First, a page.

Therapeutic Effects Of Music

Music is an essential part of daily life for almost everybody. Some people depend on music to get them through the morning hassle, while others depend on music to stay pumped during a workout. A certain song can make us feel joyful, depressed, energetic, or relaxed because music can have such an impact on a person’s mindset and well-being. It should come as no surprise that music therapy has been studied for use in managing various medical conditions. Different forms of music may have therapeutic effects, although music from one’s own background may be most effective.

According to the American Music Therapy Association, “Music Therapy can be defined as the medical and evidence-based use of music interventions to achieve individualized goals within a therapeutic relationship by a trained professional who has concluded an approved music therapy program”. In simpler terms, music can be used to improve one’s life. Music can improve you socially, cognitively, physically, emotionally, or developmentally.


Music has been used throughout human history to convey and influence human emotion. The health advantages of music to patients in Veterans Administration hospitals following World War II became obvious, leading to its use as a complementary healing practice. Degrees in music therapy became available in the late 1940s, and in 1950. Music can be used therapeutically for people who are physical, emotional, social, or cognitive ill. Healthy people can also use music to relax, reduce stress, improve mood, or to accompany exercise. There are no potentially harmful or toxic effects. Music therapists help their patients accomplish a number of goals through music, including improvement of communication, academic strengths, attention span, and motor skills.

MUSIC ENHANCES OUR MENTAL SHARPNESS AND ASSIST IN RELAXATION: Depending on the type and style of sound, music can either increase mental sharpness or assist in relaxation. Memory and learning can be also improved and even children with learning disabilities have recorded good results. With enhanced ability, there is a high tendency for better productivity. This effect may also be partially due to an increased concentration that many people have while listening to music. The term “Mozart effect” was coined after a study carried out showed that college students performed better on math problems when listening to classical music.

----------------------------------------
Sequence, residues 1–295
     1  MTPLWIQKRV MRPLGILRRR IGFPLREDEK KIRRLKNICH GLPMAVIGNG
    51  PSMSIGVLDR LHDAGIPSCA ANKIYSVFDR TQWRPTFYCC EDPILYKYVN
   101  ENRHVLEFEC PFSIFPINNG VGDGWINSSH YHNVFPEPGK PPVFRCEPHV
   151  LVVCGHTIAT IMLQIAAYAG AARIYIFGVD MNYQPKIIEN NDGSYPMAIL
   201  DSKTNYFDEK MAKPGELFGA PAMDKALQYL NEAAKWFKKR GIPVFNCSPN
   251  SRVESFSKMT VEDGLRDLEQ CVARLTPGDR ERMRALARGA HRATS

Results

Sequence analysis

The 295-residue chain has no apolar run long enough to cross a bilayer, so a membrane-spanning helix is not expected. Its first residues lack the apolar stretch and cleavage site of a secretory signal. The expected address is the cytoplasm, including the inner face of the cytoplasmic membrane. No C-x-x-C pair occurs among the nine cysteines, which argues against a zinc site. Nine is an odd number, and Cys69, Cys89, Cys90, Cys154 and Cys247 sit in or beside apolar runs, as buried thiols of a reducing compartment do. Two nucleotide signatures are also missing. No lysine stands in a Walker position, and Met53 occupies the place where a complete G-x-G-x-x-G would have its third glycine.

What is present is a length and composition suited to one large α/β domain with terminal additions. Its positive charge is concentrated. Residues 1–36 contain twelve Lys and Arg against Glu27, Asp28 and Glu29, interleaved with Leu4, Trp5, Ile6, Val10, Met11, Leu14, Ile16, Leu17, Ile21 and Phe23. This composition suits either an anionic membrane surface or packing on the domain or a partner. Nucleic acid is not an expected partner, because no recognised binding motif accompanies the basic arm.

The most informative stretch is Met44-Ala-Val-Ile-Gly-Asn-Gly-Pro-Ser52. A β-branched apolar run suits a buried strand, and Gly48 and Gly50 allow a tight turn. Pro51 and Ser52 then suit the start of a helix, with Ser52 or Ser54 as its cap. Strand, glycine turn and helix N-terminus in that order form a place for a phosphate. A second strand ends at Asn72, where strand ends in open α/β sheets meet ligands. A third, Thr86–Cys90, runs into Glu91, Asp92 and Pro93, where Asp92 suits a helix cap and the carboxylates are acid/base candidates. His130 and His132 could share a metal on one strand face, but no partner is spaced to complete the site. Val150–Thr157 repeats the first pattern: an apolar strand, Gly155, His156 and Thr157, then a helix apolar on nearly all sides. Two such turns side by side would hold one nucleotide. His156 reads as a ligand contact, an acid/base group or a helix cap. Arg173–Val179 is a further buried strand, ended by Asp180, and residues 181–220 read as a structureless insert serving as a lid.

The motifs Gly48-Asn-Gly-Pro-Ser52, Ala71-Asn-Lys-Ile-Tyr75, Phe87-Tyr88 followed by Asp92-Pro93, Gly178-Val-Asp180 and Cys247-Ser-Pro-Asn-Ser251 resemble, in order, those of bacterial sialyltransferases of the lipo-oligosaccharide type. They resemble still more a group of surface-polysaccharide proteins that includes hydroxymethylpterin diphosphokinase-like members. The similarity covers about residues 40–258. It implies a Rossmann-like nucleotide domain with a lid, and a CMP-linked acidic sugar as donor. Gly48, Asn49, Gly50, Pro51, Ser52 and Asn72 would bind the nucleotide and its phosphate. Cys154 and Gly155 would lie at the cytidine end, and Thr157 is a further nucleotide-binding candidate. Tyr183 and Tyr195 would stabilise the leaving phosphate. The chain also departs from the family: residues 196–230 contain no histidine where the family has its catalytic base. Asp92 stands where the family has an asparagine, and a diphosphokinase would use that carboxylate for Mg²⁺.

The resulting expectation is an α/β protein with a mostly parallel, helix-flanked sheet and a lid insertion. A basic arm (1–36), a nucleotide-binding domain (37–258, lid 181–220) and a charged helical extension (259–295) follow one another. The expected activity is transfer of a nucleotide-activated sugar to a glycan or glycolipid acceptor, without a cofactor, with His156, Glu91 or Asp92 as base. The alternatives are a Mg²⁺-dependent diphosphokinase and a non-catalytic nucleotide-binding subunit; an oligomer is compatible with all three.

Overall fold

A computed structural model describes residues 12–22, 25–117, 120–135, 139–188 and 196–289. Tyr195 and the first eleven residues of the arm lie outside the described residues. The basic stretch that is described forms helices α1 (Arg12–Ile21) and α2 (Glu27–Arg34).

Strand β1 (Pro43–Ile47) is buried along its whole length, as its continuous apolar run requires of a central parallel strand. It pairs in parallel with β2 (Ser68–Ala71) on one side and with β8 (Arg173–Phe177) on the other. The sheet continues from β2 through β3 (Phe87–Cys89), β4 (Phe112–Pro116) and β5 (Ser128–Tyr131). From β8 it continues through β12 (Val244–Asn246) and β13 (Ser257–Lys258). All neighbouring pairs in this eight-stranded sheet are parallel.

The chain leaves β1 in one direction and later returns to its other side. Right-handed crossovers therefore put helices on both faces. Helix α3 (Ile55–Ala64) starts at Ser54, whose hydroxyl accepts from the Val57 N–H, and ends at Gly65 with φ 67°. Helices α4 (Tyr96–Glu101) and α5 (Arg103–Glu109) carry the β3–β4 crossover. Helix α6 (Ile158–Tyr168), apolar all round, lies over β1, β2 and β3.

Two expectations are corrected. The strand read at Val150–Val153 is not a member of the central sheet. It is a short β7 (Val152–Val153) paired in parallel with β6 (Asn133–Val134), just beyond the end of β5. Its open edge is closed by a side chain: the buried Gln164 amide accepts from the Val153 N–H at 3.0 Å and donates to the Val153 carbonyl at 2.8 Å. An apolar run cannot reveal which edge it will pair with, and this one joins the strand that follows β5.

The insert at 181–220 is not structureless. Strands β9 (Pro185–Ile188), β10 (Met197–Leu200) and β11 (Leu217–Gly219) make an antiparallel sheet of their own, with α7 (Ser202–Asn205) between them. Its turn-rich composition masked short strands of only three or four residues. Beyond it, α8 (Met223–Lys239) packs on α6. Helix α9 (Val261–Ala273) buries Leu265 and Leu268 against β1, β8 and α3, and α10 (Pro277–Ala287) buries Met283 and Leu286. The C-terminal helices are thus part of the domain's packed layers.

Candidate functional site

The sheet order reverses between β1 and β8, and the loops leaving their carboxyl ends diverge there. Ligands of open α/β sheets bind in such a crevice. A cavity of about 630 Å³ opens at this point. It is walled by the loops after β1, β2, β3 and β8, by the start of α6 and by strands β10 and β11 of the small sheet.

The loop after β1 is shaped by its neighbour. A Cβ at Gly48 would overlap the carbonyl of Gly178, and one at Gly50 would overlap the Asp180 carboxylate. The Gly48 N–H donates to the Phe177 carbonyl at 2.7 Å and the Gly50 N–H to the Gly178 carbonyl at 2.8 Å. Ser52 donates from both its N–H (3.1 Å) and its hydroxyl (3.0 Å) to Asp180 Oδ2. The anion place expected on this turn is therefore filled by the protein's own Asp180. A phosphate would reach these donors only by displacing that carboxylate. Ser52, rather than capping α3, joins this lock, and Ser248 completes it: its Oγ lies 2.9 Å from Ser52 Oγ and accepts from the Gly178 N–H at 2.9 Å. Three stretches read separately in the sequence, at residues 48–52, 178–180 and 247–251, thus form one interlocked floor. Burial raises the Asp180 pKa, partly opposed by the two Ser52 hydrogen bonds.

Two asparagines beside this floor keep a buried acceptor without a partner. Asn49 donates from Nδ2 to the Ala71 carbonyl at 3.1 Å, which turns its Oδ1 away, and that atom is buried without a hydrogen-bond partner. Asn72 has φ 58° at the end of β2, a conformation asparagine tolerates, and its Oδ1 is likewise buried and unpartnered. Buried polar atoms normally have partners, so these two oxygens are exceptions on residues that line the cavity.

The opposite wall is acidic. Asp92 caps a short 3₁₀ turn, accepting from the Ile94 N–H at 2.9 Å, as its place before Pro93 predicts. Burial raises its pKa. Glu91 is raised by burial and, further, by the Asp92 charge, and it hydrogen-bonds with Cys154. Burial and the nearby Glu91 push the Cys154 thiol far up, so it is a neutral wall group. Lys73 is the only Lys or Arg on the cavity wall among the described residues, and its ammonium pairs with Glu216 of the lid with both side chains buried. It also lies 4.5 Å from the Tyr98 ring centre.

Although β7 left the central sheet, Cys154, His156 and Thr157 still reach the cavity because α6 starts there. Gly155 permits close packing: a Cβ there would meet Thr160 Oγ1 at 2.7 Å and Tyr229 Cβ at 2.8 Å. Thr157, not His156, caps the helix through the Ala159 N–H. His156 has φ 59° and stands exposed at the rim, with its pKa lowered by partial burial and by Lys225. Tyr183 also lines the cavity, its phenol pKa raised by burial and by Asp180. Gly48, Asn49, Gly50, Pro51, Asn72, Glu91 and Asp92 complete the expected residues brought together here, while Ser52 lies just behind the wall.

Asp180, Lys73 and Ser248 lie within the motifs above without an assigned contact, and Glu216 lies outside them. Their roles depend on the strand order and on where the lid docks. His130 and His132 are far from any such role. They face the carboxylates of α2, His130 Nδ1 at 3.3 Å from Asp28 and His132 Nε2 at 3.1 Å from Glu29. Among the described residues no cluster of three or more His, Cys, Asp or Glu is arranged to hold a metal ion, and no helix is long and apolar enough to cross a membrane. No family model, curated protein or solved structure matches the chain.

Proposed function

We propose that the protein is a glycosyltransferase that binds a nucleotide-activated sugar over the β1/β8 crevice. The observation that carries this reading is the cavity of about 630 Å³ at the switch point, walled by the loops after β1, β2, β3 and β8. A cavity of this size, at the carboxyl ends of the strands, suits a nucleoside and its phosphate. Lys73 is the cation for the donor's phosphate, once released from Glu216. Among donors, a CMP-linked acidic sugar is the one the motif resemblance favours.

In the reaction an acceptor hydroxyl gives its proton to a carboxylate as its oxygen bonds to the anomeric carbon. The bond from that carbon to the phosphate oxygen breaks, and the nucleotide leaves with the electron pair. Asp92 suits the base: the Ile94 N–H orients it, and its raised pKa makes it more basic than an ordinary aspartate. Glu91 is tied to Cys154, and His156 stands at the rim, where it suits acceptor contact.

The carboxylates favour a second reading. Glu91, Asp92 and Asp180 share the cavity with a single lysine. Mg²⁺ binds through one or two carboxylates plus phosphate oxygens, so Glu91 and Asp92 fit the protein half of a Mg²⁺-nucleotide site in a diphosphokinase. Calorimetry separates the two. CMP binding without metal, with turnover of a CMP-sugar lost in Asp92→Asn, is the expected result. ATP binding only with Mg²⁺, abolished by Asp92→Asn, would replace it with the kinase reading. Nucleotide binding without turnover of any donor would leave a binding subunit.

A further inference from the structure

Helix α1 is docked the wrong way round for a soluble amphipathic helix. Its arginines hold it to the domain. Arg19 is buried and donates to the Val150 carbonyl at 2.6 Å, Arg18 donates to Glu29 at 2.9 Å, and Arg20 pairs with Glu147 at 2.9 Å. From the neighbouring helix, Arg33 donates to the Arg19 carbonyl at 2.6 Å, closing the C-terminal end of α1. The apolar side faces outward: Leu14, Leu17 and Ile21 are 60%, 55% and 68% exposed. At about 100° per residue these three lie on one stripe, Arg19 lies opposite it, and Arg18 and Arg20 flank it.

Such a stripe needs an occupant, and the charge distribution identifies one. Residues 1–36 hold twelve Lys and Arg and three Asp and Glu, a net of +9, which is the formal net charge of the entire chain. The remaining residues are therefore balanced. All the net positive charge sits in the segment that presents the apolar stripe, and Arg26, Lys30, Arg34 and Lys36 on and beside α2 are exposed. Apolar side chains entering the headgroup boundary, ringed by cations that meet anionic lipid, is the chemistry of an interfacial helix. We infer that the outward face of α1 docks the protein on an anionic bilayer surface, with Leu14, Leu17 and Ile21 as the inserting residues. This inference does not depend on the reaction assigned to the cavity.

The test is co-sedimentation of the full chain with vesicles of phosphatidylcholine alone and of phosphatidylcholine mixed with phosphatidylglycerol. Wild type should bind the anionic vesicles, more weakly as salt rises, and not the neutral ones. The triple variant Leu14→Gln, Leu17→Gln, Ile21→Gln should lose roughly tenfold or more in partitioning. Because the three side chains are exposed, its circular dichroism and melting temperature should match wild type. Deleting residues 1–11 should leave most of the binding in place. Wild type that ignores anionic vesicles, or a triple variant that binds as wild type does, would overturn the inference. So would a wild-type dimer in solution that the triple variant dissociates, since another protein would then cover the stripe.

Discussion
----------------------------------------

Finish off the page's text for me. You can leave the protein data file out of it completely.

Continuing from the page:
MUSIC TAPS INTO OUR MEMORIES: There are scenarios where we were involved in another activity and a song comes on the radio. We are immediately taken back to a certain place, a specific time in our life, or a particular person. Music is second only to smell for its ability to arouse our memory in a very powerful way. Music therapists who have worked with older adults with dementia have numerous stories of how music stimulates their clients to recall their life.

MUSIC IS A SOCIAL EXPERIENCE: Our predecessors bonded and passed on their history and knowledge through song, stories, and dance. Even today, many of our music experiences are shared with a group, whether playing in a band or an elementary music class, listening to jazz at a restaurant, or singing in church choir. Music makes it easy for music therapists to structure and facilitate a group process.

MUSIC HELPS OUR BRAIN: Music often has a predictable steady beat, organized phrases, and a structured form. Most songs today are organized in a verse-chorus structure. They’re organized in a way that we like and enjoy listening to over and over again. Even sound waves that make up a single tone or an entire chord are prearranged in mathematical ratios and our brains really like this predictability and structure.

MUSIC IS SAFE AND MOTIVATING: The reason why, most people enjoy music is because it is not invasive, safe and motivating. This is not the most important reason why music works in therapy, but it’s the icing on the cake.